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Drought And Water Crisis In Italy

Italy is struggling with its worst drought since 1952 after decreased rainfall for months. The Po River, Italy's longest river, has reached its lowest water level.

Rising temperatures and snow shortages in the mountains, which normally nourish the river, exacerbate the current water shortage situation in Italy.

The vast waterway that stretches from the Alps in the northwest to the Adriatic Sea on the east coast is a vital source of water for several regions of Italy, used for drinking water, agricultural irrigation, and hydropower in the north of the country.

Other rivers are drying up. Arno, which passes through Florence and supplies tap water, and the Tiber, which passes through Rome, both have water at half the normal level of June.

Areas that rely on the Po River water are urging the government to declare a state of emergency.

Health Minister Andrea Costa said the "emergency conditions" in Lombardy, Piedmont, Veneto, and Emilia-Romagna has been assessed. More than 100 towns in the Po Valley have been asked to follow water rations amid the drought. The declaration of a state of emergency will give the green light to the implementation of the water rationing plan throughout the areas facing water shortages.

There are also growing concerns about hydropower plants, which have produced about 40 to 50 percent less energy over the past few months. A factory in Piacenza in northern Italy, is forced to temporarily shut down its turbines due to low river water levels.

In Lazio region, the government of that region had previously independently declared the situation "catastrophic". The situation led to water restrictions in several municipalities around Lake Bracciano, 32 km northwest of Rome.  These measures prohibit the use of water for washing cars, watering gardens and cleaning outdoor areas.  In the capital, the city's water decision-making body reduces pipe pressure to reduce water consumption without having to cut it off.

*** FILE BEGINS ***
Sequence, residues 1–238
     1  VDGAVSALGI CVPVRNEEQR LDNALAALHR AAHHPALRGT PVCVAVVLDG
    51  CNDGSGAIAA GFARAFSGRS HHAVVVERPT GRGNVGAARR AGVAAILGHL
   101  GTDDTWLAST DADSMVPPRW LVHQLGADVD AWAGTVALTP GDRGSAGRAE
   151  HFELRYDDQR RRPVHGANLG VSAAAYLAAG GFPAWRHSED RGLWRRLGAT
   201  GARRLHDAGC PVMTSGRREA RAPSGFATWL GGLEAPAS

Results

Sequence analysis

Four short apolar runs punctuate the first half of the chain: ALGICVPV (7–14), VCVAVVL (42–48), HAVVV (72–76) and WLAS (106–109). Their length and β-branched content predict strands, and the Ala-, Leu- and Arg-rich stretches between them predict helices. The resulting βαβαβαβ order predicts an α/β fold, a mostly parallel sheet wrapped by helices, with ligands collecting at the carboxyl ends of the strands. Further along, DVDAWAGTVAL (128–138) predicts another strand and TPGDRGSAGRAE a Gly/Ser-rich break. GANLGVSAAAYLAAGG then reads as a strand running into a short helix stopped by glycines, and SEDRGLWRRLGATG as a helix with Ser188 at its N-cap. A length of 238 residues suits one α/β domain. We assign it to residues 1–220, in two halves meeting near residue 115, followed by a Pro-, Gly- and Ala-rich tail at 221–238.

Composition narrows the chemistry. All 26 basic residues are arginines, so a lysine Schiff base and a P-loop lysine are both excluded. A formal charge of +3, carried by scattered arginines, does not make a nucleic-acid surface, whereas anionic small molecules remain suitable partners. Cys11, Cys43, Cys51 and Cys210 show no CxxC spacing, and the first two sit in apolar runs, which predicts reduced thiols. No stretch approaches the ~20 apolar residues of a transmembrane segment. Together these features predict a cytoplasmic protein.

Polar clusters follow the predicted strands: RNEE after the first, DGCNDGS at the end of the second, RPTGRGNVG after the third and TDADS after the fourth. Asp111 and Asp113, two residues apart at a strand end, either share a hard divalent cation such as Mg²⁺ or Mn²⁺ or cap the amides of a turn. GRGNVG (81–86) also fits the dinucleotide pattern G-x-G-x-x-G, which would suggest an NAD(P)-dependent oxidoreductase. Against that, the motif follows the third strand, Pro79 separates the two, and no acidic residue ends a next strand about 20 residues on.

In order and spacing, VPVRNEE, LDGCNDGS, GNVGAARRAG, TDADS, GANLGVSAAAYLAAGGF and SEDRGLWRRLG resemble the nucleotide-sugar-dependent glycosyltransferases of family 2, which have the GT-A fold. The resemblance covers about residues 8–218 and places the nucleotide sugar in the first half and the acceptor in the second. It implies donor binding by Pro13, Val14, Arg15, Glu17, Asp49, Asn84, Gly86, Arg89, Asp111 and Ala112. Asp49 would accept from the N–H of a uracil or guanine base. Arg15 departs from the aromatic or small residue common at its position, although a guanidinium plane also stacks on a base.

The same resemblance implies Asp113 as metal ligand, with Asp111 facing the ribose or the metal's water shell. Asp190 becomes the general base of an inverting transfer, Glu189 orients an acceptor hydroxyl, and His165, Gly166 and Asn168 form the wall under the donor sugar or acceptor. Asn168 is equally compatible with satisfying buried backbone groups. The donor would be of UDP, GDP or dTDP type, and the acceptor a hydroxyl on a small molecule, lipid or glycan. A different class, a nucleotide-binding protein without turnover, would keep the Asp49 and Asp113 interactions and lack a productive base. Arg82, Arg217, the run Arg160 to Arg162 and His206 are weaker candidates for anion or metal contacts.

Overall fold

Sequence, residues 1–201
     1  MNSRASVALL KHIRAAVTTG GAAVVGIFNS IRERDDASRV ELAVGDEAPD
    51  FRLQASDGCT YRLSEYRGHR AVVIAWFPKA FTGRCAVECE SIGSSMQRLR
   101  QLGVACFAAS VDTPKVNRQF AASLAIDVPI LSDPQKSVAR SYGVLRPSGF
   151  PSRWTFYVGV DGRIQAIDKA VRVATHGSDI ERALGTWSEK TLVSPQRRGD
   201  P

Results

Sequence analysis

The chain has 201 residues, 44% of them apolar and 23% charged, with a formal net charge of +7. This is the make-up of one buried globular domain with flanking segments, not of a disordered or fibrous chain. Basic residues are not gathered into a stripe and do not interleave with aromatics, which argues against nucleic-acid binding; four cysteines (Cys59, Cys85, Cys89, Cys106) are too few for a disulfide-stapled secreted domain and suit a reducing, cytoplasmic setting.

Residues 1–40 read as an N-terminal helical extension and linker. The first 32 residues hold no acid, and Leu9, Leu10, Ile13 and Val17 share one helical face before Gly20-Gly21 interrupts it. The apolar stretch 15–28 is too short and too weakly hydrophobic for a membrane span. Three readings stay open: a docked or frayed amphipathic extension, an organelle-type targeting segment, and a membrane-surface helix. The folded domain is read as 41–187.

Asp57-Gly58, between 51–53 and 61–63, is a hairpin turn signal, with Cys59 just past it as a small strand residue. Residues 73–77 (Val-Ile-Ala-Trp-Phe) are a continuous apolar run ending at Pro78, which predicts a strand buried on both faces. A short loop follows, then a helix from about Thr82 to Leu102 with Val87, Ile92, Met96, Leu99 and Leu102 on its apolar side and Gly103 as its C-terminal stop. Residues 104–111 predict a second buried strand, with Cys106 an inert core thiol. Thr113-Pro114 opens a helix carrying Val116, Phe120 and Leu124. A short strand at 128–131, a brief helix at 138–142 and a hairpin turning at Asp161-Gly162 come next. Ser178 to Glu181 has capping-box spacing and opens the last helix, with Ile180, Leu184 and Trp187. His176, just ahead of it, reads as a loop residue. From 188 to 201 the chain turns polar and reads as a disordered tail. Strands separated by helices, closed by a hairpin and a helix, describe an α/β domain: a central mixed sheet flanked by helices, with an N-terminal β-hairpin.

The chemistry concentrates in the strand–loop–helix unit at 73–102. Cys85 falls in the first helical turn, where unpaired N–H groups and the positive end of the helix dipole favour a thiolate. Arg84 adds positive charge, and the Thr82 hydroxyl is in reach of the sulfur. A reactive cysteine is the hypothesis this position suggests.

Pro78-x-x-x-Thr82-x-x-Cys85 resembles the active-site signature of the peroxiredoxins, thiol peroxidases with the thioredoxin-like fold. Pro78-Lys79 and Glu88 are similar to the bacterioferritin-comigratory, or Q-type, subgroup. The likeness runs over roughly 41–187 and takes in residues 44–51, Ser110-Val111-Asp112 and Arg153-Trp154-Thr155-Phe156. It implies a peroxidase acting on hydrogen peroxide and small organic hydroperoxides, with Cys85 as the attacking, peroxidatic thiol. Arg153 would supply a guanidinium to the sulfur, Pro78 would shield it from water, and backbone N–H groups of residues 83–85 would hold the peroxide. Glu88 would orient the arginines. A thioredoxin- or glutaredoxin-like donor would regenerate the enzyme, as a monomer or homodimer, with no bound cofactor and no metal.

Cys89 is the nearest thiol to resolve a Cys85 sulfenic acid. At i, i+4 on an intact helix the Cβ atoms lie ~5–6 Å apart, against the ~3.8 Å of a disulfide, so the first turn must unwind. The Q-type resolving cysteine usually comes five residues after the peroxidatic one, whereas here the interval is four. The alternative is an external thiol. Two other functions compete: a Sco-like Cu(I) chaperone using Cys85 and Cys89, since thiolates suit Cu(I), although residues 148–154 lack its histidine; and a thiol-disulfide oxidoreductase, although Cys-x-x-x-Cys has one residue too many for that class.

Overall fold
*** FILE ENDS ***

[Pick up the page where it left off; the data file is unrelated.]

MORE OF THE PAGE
Some local councils are evaluating water restrictions for fountains and water parks. The Parks and Gardens of Italy Association recommends the use of seawater in offshore attractions.  Other parks may have to be closed.  Rome emergency measures may turn off public beverage fountains, as happened during the 2017 drought.

 If water rationing is implemented, Italians will face their drinking water supply cut off overnight.

The mayor of Milan, Giuseppe Sala, has ordered the closure of all the city's decorative fountains to counter the negative effects of the severe drought that threatens northern Italy.

"The decree turns off decorative fountains other than those used to feed plants and animals. The use of sprinklers is limited except for seedlings," Sala said.

The mayor also ordered that shops in the Italian commercial and fashion capital are not able to set thermostats below 26 degrees Celsius and that they should keep their doors closed to avoid over-taxing the electricity grid.

In addition, the Archbishop of Milan prayed for rain on and visited churches on the outskirts of the farmland.

Italy's drought has dried up vital rivers for irrigation and threatens the value of agricultural products at around 3 billion euros. The Italian Confederation of Agricultural Producers has lost 30 to 40 percent of its seasonal harvest.

The weather forecast for the rest of the month has also raised concerns, with temperatures expected to be between 10 and 12 degrees Celsius higher than normal next week and peaking at 44 degrees Celsius in the islands of Sardinia and Sicily.

There are currently no restrictions on travel to Italy due to drought. However, travelers should be aware of more emergency measures to be taken soon.


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